What is a Bull Trap?

A bull trap is an investing term used to describe a situation in which the price of a security shows signs of increasing but then quickly reverses and falls. The investor, who has been expecting the price to continue rising, is now trapped and must either sell the security at a lower price or hold and wait for the price to rise again.

Bull traps can happen in any type of market but tend to be more common in bear markets – when the overall trend is downwards – because investors are more prone to miscalculating the direction of the market. Bull traps occur when the investor thinks that the security's price is going to increase due to positive news or developments, and they buy the security. Other investors who had the same idea may also buy the security, pushing the price up temporarily.

However, the price eventually falls back down as the false signal of increased demand is revealed. This often happens when the news or developments that had been driving the temporary rise turn out to be baseless. Investors who have bought the security at a higher price must now sell at a lower price, resulting in losses.

Bull traps are a form of market manipulation, as traders and investors attempt to drive up the price of a security by making it appear as though there is a rising demand for it. Such manipulation can be very profitable for the people involved, as they can buy the security at a lower price and then sell when the price rises temporarily.

Overall, bull traps are an important concept to understand for investors, as they can be a major source of losses. To avoid being caught in a bull trap, investors should do their due diligence and research a security before purchasing it, and should be wary of news stories and events that could drive up the price temporarily.

Simplified Example

A bull trap in investing can be thought of as a false promise of good news. Imagine you are hiking in the mountains and you see a trail sign that says "Refreshing Stream Ahead." Excited about the prospect of finding water, you eagerly follow the trail, only to find that the stream is dry. The sign was a trap, or false promise, that led you on a wild goose chase. In investing, a bull trap can be thought of in a similar way - it may appear that a stock or market is experiencing a period of growth, but in reality, it is just a false promise that will lead to disappointment and possibly losses. Just like the false trail sign in the mountains, a bull trap can lead investors to make decisions based on false information.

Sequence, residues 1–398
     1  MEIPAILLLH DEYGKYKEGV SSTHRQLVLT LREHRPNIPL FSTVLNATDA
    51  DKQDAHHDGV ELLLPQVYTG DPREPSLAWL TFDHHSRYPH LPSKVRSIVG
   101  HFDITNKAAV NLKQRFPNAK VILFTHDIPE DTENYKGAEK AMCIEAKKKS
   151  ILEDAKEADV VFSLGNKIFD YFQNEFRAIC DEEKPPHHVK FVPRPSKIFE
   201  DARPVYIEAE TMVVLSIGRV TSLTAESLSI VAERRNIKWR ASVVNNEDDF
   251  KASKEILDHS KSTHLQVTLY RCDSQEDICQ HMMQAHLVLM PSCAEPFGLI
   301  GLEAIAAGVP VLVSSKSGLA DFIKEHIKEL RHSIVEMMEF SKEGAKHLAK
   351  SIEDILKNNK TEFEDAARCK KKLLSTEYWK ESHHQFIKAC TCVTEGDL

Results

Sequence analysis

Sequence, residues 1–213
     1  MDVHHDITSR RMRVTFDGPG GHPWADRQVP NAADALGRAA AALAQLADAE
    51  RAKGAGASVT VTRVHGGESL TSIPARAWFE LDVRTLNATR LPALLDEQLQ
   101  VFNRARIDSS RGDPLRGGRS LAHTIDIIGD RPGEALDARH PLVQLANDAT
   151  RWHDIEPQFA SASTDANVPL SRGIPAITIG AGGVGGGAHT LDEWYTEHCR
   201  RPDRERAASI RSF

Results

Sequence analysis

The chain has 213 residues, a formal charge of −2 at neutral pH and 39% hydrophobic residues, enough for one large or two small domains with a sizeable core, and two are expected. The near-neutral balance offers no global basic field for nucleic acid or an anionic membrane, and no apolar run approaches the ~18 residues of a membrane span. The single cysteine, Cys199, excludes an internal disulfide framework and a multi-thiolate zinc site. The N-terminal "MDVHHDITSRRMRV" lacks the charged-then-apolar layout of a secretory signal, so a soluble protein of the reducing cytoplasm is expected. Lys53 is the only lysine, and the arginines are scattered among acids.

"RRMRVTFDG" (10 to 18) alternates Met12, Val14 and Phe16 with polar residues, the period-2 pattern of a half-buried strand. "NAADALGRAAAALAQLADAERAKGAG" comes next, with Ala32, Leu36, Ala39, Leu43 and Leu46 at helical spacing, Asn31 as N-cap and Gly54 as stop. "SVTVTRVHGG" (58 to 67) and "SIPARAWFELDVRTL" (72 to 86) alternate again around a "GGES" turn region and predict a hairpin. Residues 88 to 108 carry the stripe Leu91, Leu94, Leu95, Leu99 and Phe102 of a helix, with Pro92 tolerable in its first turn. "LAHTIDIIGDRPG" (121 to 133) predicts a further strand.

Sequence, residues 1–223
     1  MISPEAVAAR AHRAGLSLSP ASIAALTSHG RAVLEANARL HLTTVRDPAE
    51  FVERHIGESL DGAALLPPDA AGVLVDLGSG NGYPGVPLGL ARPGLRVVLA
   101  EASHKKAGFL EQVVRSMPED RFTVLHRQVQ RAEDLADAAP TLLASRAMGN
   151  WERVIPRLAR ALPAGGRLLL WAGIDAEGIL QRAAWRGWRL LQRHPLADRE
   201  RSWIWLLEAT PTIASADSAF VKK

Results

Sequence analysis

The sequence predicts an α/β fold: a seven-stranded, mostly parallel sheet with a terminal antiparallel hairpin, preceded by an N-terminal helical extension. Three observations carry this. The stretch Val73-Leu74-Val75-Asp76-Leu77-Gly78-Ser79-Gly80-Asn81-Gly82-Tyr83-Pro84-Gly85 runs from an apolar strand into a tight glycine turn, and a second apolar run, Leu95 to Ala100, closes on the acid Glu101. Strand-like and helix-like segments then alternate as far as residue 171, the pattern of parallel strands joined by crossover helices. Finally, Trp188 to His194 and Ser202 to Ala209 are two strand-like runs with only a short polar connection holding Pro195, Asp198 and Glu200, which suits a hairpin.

History of the Term Bull Trap

The term "bull trap" emerged in the 1970s, coinciding with the rise of technical analysis and the increasing use of charts to identify market trends. As traders and analysts began to dissect price movements more closely, they recognized the existence of false signals that could temporarily lure investors into believing a bullish trend was underway, only for the market to reverse course and continue its downward trajectory.

The concept of bull traps has gained prominence in the financial world, as they can have significant implications for investors' decisions and overall market sentiment. Recognizing and avoiding bull traps is a crucial skill for traders and investors, as it can help them protect their capital and make informed decisions based on genuine market trends rather than false signals.


Dead cat bounce: A dead cat bounce is a temporary recovery in the price of an asset that is followed by a continuation of its downward trend. It gets its name from the notion that "even a dead cat will bounce if it falls from a great height." Like a bull trap, it can mislead traders into thinking that a price reversal is underway.

Pump and dump: A pump and dump scheme involves inflating the price of an asset through false, misleading, or exaggerated positive statements, or even manipulative trading activity, before selling off the asset at a profit. The goal is to create a buying frenzy among investors and then take advantage of the high demand to sell off the asset at a profit, leaving investors with a worthless asset.

False breakouts: A false breakout occurs when an asset's price breaks through a key level of support or resistance but then quickly retraces back in the opposite direction. False breakouts can deceive traders into thinking that a major price movement is underway, only to be followed by a reversal in the other direction. Like a bull trap, false breakouts can lead traders to enter positions in the wrong direction.

  • Bull: A bull in investing is an investor who expects stock prices to rise in the near future and is therefore willing to buy and hold stocks for the long term.

  • Bear Trap: The term "bear trap" is used to describe a situation in which investors who are bearish, or expecting further declines in asset prices, are caught off guard by a sudden and unexpected reversal in the market.